Sunday, March 30, 2014

Reads - Week of March 23-29, 2014


Cruelty 4
by Edward Lorn

Earthbound Angels 1:
Oracle of Philadelphia
by Elizabeth Corrigan

Earthbound Angels 2:
Raising Chaos
by Elizabeth Corrigan

The September Series 1:
Oranje
by Jack Lusted

The Wonderful Wizard of Oz
by L Frank Baum
(for a Blog Read :D)

Raising Chaos Blog Tour - Giveaway!!!!!!!


Earthbound Angels 2:
Raising Chaos
 
Giveaway!!
Giveaway!!
Giveaway!!


a Rafflecopter giveaway

Raising Chaos Blog Tour - Interview!!

Hello, everyone!!  I hope you guys have had an amazing weekend so far. :)  This is Elizabeth's final stop at The Gal for her current book tour and I hope you enjoy the interview as much as I did.  Make sure you continue to the bottom to check out the giveaway :)

If you haven't heard of Raising Chaos, here's a little bit more about it (and you can check out my review here).

Title: Raising Chaos
Series: Earthbound Angels
Author: Elizabeth Corrigan
Release date: 2.3.2014
Pages: 303
Amazon B&N Goodreads 

When good fails, chaos rises to the challenge.

 The daily life of a chaos demon is delightfully sinful—overindulging in Sri Lankan delicacies, trespassing on private beaches in Hawaii, and getting soused at the best angel bar on the planet. But when Bedlam learns that the archdemon Azrael has escaped from the Abyss in order to wreak vengeance against the person who sent her there—Bedlam’s best friend, Khet—he can’t sit idly by.

Only one relic possesses the power to kill Khet, who suffers immortality at Lucifer’s request: the mythical Spear of Destiny, which pierced Christ’s side at His crucifixion. Neither angel nor demon has seen the Spear in two thousand years, but Azrael claims to know its location. Bedlam has no choice but to interpret woefully outdated clues and race her to its ancient resting place.

His quest is made nearly impossible by the interference of a persnickety archivist, Keziel—his angelic ex—and a dedicated cult intent on keeping the Spear out of the wrong hands. But to Bedlam, “wrong” is just an arbitrary word, and there’s no way he’s letting Khet die without a fight.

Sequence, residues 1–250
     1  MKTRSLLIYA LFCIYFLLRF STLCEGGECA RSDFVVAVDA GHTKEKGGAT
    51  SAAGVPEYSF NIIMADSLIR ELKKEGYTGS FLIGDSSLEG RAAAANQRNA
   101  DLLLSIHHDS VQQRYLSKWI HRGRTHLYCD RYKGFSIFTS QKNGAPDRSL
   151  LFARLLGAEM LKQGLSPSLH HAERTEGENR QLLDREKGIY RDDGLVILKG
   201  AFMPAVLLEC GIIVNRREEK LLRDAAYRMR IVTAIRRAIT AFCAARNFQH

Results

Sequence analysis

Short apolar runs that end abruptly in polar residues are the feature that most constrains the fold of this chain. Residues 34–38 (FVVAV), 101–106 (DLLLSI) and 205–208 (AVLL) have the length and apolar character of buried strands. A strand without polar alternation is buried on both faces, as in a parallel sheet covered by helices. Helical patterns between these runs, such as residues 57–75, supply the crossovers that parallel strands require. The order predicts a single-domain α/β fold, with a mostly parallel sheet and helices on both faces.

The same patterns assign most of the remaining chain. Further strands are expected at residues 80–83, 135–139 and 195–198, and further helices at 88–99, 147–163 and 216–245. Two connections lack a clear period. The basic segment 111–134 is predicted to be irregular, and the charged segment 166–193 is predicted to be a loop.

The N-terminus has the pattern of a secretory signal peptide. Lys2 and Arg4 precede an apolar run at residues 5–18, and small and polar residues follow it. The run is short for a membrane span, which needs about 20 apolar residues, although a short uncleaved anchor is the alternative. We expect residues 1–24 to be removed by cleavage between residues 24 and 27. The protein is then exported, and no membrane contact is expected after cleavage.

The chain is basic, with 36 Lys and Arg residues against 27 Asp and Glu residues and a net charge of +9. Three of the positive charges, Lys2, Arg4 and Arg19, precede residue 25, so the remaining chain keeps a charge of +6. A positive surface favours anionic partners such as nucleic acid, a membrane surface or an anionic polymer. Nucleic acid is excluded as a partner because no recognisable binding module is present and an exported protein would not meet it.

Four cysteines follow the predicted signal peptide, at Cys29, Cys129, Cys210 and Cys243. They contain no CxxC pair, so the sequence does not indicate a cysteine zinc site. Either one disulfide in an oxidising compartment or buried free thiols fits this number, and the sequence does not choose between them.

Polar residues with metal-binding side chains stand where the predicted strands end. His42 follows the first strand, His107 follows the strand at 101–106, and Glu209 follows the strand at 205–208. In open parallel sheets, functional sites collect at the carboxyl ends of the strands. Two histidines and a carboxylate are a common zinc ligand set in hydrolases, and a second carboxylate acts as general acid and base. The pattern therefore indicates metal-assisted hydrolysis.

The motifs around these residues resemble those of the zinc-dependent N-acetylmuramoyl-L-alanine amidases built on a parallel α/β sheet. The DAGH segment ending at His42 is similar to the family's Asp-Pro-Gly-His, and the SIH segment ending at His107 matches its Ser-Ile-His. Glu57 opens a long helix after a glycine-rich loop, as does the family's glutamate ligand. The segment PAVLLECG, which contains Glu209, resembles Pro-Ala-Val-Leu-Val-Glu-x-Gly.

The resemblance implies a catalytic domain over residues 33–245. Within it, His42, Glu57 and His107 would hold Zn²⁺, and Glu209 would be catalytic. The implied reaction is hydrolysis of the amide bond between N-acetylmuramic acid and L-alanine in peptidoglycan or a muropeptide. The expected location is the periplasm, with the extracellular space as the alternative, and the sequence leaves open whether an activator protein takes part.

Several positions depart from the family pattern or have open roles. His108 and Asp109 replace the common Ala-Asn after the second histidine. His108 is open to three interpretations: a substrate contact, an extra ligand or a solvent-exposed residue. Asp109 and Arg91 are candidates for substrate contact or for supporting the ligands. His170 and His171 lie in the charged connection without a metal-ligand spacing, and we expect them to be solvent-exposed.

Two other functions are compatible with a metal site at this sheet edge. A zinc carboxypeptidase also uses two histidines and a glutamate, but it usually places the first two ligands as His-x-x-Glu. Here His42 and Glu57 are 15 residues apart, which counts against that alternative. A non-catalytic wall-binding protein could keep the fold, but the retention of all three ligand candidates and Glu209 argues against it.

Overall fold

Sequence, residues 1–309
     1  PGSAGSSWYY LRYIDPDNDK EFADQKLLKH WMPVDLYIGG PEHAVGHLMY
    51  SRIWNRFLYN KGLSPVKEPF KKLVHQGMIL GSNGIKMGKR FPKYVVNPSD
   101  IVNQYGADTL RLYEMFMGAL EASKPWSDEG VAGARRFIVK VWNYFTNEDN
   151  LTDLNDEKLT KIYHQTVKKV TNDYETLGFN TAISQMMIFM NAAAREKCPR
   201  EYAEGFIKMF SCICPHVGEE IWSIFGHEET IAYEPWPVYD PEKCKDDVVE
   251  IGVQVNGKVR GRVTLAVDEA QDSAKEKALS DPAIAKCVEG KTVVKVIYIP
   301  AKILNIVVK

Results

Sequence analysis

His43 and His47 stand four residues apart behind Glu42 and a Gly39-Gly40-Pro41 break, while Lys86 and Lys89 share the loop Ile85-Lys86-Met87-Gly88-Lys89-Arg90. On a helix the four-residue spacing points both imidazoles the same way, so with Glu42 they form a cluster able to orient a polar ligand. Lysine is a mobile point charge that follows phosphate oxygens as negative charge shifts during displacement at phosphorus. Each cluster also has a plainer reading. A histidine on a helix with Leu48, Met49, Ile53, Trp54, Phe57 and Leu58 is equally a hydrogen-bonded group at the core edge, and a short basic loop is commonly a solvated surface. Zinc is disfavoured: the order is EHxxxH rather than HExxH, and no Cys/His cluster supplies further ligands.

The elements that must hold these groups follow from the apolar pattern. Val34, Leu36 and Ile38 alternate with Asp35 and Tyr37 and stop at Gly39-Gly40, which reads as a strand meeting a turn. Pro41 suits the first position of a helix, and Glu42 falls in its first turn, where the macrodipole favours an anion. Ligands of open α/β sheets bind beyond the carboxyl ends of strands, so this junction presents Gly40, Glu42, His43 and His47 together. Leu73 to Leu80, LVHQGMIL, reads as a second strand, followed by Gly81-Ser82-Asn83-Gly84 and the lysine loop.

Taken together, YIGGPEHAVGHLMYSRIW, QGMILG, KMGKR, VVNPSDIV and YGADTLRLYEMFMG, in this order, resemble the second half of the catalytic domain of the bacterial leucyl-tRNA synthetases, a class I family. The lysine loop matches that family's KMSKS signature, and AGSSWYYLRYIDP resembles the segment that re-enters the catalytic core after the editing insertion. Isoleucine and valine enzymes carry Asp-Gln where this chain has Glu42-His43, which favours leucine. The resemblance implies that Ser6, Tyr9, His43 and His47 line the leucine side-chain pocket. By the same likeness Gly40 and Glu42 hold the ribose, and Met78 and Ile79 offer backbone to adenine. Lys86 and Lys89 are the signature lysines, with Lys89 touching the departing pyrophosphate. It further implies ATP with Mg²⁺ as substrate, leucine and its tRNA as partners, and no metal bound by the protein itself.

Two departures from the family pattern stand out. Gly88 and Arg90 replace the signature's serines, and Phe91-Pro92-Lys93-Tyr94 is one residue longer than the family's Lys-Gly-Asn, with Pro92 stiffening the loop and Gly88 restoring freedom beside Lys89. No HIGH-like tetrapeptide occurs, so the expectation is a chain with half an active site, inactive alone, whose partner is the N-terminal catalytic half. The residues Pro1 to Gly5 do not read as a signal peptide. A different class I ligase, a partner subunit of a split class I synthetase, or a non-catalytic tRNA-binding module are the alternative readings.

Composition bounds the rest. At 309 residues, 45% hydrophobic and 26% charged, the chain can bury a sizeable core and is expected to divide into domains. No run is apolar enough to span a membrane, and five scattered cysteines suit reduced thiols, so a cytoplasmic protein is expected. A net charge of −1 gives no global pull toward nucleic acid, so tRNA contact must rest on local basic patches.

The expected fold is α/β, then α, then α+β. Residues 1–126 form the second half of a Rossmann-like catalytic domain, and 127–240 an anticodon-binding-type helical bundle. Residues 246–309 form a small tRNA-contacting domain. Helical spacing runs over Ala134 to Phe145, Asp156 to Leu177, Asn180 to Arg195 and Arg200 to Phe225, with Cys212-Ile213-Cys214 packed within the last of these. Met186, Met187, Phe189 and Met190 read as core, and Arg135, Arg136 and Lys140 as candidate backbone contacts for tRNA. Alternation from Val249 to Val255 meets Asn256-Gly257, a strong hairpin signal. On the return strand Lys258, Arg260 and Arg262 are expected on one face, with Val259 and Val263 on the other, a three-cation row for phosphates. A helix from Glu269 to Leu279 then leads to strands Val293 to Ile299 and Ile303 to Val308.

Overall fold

Hi, Elizabeth.  Welcome to The Gal in the Blue Mask.  How are you today?

I'm doing pretty well.  I'm excited to be here today.  I appreciate you being three early stops on the Raising Chaos tour, which is shaping up to be fantastic!

I'm glad to have you!!  Tell us a little bit about yourself.

As you know, I moonlight as an urban fantasy author, but in my "real" life, I work as a data analyst writing code and responding to requests for information.  I drive a purple Smart Car and live in Baltimore with two cats.

What kind of books do you absolutely love to read?

These days I read a lot of young adult paranormal romance.  The release of the Vampire Academy movie was super exciting to me (though also horribly disappointing).  Of course, I like the bloodlines books better anyway, because I've always been Team Adrian.  Some other favorites include Cassandra Clare's Infernal Devices, Tammy Blackwell's Timber Wolves, and anything by L.J. Smith.

What is the first book you remember reading?

Wow, so I think the first book I ever read was when I was about three.  It was about a grey tabby kitten named Nicky, and he was looking for something, possibly his mother.  The book had flip up pictures, though now I only remember the rock had a snake underneath.  Apparently I started reading it on my own, and my mother thought I had just memorized it.  But then she pointed out words to me in other books, and I recognized them.

Favorite book of all time? - other than yours, of course :)

If I'm going classics - the kinds of books you're supposed to say are your favorites - then I have to pick Emma or Pride & Prejudice by Jane Austen.  (Which makes me remember I had a dream last night where Sense & Sensibility was a spinoff of Pride & Prejudice.)  But my actual favorite books are the Secret Circle trilogy by L.J. Smith.  There is no explanation for how much I love them.  I have also read the first three Black Jewels books by Anne Bishop enough times to qualify them as favorites.

What are you reading now?

I've got a few things going right now, keeping in mind that I'm writing this interview a few weeks before it will actually go live.  I've had Michelle Sagara's Chronicles of Elantra series going in the car for the last few months.  My book club is reading Etiquette & Espionage by Gail Carriger, which I had a hard time getting into before but am willing to give another go.  I'm also reading Warm Bodies, because I loved the movie so much, even though it's kind of the ultimate case of Stockholm syndrome.  I'm working on the Lunar Chronicles by Marissa Meyer, and I'm supposed to start Foretold by Rinda Elliott next week.

What kind of things do you do when you're not writing?

These days I've mostly been baking, which my coworkers alternately love and hate me for.  I also read a lot, as you can tell from the above.  And I play tabletop role playing games with my friends like the giant geek that I am.  But, hey, being an author sometimes gets me invited as a guest to gaming conventions.

What made you decide to begin writing in the first place?